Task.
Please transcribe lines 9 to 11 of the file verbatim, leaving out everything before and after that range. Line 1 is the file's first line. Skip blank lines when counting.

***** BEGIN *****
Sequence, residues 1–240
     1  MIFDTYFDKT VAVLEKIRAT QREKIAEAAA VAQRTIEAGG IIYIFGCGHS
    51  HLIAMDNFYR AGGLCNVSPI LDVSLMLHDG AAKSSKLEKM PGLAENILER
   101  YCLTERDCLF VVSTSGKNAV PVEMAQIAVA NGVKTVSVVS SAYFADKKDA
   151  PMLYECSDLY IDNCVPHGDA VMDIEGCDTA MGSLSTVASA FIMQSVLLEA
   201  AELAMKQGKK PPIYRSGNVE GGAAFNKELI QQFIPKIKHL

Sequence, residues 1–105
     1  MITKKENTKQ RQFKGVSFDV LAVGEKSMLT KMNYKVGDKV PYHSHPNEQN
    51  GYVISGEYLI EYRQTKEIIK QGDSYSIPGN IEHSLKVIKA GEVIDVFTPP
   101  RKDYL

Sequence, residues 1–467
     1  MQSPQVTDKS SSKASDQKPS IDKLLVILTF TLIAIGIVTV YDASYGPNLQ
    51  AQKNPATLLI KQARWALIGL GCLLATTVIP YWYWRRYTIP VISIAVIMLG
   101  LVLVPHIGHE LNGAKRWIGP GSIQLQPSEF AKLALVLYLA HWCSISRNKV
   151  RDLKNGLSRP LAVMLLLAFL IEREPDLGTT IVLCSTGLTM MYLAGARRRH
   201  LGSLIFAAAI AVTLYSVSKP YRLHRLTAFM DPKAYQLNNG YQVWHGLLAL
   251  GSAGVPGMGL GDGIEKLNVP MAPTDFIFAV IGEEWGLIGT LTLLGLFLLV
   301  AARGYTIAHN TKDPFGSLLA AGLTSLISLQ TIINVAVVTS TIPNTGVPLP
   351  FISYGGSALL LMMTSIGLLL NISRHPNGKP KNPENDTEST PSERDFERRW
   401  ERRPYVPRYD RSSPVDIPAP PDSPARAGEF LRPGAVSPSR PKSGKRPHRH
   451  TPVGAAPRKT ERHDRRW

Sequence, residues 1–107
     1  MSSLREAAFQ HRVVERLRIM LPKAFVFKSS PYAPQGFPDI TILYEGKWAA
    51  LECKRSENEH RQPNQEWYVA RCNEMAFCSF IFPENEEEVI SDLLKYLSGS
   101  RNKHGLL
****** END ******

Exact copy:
    51  GYVISGEYLI EYRQTKEIIK QGDSYSIPGN IEHSLKVIKA GEVIDVFTPP
   101  RKDYL

Sequence, residues 1–467